Stops and Starts on the Road to Autonomy
During the early stages of the coronavirus pandemic, one of the likely automotive casualties appeared to be autonomous vehicles. Interest in fully self-driving passenger cars has been waning for the last few years as the industry focused more on Level 2/3 systems and niche applications such as geo-fenced robo-taxis, delivery pods and commercial vehicles.
The ensuing lockdowns, social distancing and the economic fallout of COVID-19 made the technology an even tougher sell. Studies showed rapidly declining interest in ride-hailing, shared cars and public transportation, with people wanting to play it safe and keep away from others until a vaccine is found. At the same time, carmakers and suppliers indicated they were shifting resources to programs with greater chances for near-term success.
J.D. Power’s Mobility Confidence Index in March offered a blunt assessment. The report’s authors declared that automakers were “pushing forward with technology (autonomous, electric and shared vehicles) that consumers had little interest in. Nor are they making strides to change people’s minds.” And societal changes from COVID-19 could change behaviors for the foreseeable future, they warned, noting that industry experts responding to the survey pushed the timeframe for the introduction of self-driving vehicles for consumer purchase to 2038—five years later than they previously predicted.
Delays, Cancellations and Bankruptcies
There already has been some fallout, including:
- BMW and Daimler suspended plans to co-develop a shared platform for advanced robotic car systems.
- GM’s Cruise unit cut 8% of its staff and has indefinitely delayed plans to launch a robo-taxi service, which originally was due in late 2019.
- Starsky Robotics, a San Francisco startup that was developing autonomous truck systems, went out of business due to a lack of funding.
Ford also has pushed back its plans to launch commercial applications of driverless cars by at least a year to 2022 as it tries to get a better handle on how COVID-19 will impact consumer behavior. But the automaker sees opportunities too. “We believe this pandemic could affect our customers’ lives and work for many years to come, with zero touch as an integral part of their lives going forward,” COO Jim Farley notes. He suggests that such concerns could even hasten the adoption of autonomous vehicles for delivery services and micro-mobility.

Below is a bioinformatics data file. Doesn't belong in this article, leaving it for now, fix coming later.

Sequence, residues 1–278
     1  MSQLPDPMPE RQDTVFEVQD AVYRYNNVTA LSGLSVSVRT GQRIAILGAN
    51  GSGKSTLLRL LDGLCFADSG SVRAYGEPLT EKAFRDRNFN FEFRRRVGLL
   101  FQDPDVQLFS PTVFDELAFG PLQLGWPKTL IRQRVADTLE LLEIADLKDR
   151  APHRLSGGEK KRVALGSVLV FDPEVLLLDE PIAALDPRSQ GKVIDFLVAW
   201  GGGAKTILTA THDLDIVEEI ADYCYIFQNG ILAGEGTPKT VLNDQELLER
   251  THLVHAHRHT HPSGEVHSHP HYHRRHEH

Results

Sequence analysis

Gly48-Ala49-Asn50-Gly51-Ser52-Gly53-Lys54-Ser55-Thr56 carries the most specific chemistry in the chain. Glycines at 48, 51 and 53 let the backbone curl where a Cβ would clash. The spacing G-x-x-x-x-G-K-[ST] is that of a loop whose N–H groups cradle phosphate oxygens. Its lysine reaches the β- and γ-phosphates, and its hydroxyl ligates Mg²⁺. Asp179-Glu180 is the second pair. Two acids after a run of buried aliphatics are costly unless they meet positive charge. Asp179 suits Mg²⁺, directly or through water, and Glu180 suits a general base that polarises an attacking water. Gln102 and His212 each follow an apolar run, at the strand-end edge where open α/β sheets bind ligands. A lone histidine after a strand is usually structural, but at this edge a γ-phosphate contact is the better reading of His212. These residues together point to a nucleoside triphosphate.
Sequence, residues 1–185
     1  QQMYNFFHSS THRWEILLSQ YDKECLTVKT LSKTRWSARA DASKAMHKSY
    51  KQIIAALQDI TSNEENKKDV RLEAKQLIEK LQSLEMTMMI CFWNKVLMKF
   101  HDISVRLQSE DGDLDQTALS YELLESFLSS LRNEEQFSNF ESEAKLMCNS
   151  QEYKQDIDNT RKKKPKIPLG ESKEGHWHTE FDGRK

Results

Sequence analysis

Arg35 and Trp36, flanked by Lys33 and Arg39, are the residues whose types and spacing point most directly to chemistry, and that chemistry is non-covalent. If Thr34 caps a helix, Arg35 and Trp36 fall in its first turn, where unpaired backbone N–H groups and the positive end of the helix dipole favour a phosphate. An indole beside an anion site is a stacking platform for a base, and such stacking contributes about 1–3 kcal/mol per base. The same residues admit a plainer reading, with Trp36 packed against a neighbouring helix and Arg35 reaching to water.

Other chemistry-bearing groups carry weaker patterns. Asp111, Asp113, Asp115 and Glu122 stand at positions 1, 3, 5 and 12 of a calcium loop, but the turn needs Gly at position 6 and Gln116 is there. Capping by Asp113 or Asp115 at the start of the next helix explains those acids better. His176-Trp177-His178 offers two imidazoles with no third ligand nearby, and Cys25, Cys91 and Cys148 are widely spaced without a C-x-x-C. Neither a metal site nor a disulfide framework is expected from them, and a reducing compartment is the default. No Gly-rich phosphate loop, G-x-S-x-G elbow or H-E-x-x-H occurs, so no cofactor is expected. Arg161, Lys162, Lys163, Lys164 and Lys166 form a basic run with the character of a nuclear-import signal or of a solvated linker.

“Investing in and creating the right customer experience is even more important now as the COVID-19 virus has impacted everything—from the way we work to how we shop,” John Lawler, who heads Ford’s Autonomous Vehicles unit, added in a June blog post in conjunction with Volkswagen Group finalizing its $2.6 billion investment into Ford’s autonomous vehicle affiliate Argo AI.
Partnering and Consolidation
The VW investment underscores the continued commitment to autonomous vehicles—and that it’s going to take a lot more money and collaborations to get the job done. This likely will accelerate consolidation as the market aims to transition from start-up mode to commercial projects, with more separation between potential winners and losers.
A good indication of the former is the amount of investments that a company is making and/or attracting. China ride-hailing giant Didi Chuxing, for example, recently received an additional $500 million in funding as the company moves forward with plans to mass produce autonomous cars by 2025.
Meanwhile, Amazon agreed to buy Zoox, a 6-year-old California startup, for $1.2 billion (which was considered a huge discount). The deal will help Zoox deploy electric robo-taxi, while advancing Amazon’s quest for self-driving delivery trucks. Toyota also invested about $500 million to acquire Silicon Valley startup Pony.ai.
But Waymo continues to lead the pack—both in applications and funding. The Google-offshoot, which has conducted more than 20 million miles of testing on public roads (and 10 billion miles in simulated miles), landed $3 billion this spring from external investors and inked a deal to provide Level 4 autonomous vehicle systems to Volvo. The tech company already is working with Fiat Chrysler and Jaguar.
Believing that ongoing concerns about social distancing could accelerate consumer interest in robo-taxi services, Waymo plans to use the new funding to further invest in its people, technology and operations. It’s easy to be optimistic with $3 billion in reserve. But for others, there likely will be a lot of stops and starts on the road to autonomy.
Elio Motors is something of a brash company.
The Buick LaCrosse has been Buick’s top-line car since it was introduced in 2004 as a 2005 model sedan.
Visteon Corp. is developing DriveCore, an open platform to control and operate autonomous vehicles.